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The Super-72 Connector



I guarantee this little baby would sell like hotcakes if ever it were mass-produced, no question. This little creation of mine, (dubbed the "Super-72 Connector" cause it sounds neato), is a replacement edge connector for the 8-bit NES. You install it in the exact same fashion as the regular replacement connectors and WHAMO! ...Your NES works like new. Now, you might ask "Well, what makes this one so special over the regular ones I can buy online for $8?" The answer is quite simple: IT KEEPS WORKING. (For those of you uneducated to the poor design of the original connector, allow me to explain...)

Long long ago (the early 80s), in a galaxy far far away (I'm assuming Japan), there lived a monkey named Bill. Bill was a special monkey with special needs. He only had two fingers per hand, a third nipple on his forehead, was blind in one eye and fell out of trees into jagged rocks multiple times when he was young and "invincible". Bill also experimented with many drugs later in life when he found it hard to fit in with the other chimps because of his defects. Eventually Bill tried cleaning up his act and got a job working for Nintendo of America where he was appointed the job of designing the 72-pin NES cartridge connector. Thanks Bill! ...You crazy asshole.

I've tried, and believe me, it's pretty hard to think of anything with a worse design than that piece of shit. It's absolutely horrible. Almost lawsuit-worthy when you think about it. (Forgive me if I'm insulting your intelligence, but I figure it should be explained anyway.) If you look at the bottom of any NES game, you're likely to see several little metal contacts on the board. In order for all those little pins to make a good contact with the pins inside the system, you had to push the game downward. (Remember? Slide the game in and push down.) That was they're major design flaw. Over time, many of these pins inside the cartridge connector get bent upwards and don't make a good contact to the pins on the game, if at all. The result? *ahem* Remember those blinking screens? Remember blowing in the games? Remember slapping the system around to make things work? ...Yeah. Thought so. Anyway, we here at StupidFingers would like to present Bill the monkey with the award of Supreme Idiocy for his horrid shitball of a cart connector design. I'd also like to take this moment to extend my middle finger in the direction of Nintendo of America for not jumping on the ball and redesigning that turd when they started noticing problems. (I do not count the "Top-Loader" NES, as it came along much later. There are no excuses.)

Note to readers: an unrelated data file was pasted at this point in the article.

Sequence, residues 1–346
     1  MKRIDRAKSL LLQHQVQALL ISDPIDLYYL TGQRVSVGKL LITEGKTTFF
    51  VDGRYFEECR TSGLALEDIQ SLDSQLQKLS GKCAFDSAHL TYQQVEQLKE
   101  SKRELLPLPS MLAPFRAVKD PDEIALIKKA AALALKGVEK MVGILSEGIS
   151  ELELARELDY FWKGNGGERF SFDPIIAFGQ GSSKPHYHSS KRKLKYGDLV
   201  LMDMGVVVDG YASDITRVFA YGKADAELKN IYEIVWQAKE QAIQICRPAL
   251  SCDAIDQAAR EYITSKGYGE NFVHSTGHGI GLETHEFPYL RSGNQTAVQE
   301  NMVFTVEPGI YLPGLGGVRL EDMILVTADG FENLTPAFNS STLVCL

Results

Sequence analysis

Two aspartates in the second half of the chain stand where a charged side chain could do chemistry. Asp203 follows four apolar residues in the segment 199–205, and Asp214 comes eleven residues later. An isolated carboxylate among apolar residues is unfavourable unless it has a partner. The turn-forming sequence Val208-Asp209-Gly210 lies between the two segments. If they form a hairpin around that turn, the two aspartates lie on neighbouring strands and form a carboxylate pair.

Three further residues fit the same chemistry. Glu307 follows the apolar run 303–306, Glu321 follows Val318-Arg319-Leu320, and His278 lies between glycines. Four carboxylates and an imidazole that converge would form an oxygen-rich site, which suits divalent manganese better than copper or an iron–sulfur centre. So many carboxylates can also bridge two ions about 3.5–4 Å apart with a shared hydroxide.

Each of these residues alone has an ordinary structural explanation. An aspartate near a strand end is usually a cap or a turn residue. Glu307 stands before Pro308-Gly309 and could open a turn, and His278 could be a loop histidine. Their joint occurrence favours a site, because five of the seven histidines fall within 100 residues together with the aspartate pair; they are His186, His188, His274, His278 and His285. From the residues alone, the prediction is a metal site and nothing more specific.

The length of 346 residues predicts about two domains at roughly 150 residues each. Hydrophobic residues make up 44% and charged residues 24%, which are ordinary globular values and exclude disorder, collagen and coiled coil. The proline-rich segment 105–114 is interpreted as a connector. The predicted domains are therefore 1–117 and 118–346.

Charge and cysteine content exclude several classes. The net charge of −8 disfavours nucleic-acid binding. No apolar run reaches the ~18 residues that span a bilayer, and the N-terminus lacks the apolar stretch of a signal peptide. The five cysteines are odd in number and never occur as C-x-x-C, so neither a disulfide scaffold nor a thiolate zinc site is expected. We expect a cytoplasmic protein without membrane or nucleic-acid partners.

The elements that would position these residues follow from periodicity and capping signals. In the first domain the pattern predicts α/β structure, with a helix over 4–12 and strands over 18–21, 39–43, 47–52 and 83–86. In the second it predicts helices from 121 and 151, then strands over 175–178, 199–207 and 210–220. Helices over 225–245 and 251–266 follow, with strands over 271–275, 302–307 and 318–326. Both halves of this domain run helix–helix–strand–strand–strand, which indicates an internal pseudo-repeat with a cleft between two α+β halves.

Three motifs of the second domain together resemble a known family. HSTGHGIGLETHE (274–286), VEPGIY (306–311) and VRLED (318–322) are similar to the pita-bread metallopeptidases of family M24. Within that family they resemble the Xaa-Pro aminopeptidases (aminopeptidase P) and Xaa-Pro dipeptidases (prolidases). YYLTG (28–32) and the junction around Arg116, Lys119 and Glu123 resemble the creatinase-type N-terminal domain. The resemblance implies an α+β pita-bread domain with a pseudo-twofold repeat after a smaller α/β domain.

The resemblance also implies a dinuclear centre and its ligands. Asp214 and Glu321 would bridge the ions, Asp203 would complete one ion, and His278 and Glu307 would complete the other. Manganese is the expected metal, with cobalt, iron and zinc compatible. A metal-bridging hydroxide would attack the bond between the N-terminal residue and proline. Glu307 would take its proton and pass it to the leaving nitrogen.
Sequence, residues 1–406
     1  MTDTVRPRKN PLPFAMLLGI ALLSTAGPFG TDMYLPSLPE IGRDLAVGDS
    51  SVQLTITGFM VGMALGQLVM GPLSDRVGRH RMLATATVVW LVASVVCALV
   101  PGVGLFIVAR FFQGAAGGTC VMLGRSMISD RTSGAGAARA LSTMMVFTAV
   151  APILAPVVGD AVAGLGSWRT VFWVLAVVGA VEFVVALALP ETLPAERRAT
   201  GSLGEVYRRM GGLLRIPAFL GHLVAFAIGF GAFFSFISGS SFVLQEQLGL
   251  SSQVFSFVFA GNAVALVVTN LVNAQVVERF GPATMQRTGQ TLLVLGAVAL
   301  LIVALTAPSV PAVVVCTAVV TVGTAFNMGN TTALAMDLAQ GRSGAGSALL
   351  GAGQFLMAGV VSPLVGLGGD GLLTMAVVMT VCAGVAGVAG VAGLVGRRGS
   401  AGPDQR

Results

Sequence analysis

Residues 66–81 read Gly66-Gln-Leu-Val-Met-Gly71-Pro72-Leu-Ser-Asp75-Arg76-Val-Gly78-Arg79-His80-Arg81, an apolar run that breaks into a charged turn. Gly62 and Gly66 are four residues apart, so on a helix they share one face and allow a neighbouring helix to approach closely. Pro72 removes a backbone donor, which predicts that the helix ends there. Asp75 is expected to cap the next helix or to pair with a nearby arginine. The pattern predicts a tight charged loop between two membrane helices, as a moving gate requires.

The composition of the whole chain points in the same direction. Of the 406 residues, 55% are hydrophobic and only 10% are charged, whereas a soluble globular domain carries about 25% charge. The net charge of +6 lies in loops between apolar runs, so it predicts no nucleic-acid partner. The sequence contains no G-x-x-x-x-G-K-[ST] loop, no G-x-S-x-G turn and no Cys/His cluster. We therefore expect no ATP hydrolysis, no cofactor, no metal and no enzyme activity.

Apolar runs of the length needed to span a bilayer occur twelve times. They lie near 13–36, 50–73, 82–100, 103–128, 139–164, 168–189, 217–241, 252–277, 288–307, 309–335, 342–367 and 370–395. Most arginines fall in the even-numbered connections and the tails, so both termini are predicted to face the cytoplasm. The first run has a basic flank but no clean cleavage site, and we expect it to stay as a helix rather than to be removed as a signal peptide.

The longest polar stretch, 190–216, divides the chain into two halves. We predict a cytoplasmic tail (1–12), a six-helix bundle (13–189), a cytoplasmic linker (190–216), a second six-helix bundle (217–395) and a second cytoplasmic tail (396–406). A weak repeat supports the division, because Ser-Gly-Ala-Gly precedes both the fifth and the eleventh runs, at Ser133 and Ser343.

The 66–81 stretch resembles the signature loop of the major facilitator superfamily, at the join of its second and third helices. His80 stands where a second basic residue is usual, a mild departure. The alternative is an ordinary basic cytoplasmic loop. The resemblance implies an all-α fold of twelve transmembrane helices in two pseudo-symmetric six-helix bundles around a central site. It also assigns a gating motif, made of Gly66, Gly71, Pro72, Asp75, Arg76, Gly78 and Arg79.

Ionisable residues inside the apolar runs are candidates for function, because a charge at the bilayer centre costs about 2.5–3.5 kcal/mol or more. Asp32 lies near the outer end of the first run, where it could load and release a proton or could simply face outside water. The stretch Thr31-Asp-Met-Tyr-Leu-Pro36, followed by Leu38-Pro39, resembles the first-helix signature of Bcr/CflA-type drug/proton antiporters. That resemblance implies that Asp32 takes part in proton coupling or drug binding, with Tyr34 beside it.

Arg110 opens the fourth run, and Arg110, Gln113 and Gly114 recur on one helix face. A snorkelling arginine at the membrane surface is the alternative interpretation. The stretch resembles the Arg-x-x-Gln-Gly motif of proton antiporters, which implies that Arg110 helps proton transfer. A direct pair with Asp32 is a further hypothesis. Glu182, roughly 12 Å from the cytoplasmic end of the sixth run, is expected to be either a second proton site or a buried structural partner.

Well, I thought I'd adress the problem myself since it seemed nobody else would. (Except you other fellas that came up with homemade solutions. I salute you). My goal was to design a catridge connector that would install just as easy as the original ones (no physical case modification necessary) and have it outperform the originals. ...AND LAST!

Things were a little tricky at first, but all in all, I wouldn't say it was that hard. All you really need are two of the original connectors (already defunct or not, your choice) and the 72-pin edge connector desoldered from a Game Genie. In a nutshell, I dremmeled the two original cart connectors in half (horizontally) and soldered the two "good" ends together, then attached the edge connetor from the Game Genie onto one of the ends and epoxy glued it into place. The end result is a 72-pin NES connector that installs just like the original and works about as good as a top-loader! There's also no need to push the game down since the pins make a perfect contact just by sliding the game straight in. In fact, you can't physically push it down anyway. (Unless you wanted to break something, in which case you'd be insane.) As you'll notice from the images below, the games stick out a little further than usual because of the added length on the connector, but it doesn't keep the lid from closing so it's not an issue. Besides, I think it makes it easier to remove the game when it's positioned like this.

I'll probably be posting a How-To and even offering to sell these puppies once I have enough spare parts again, so keep your eyes out. (No really, keep them out! Be a man and pluck em!) And now for your viewing pleasure, some images of the soldering and various angles of the 'Super-72' connector.


 
 

 
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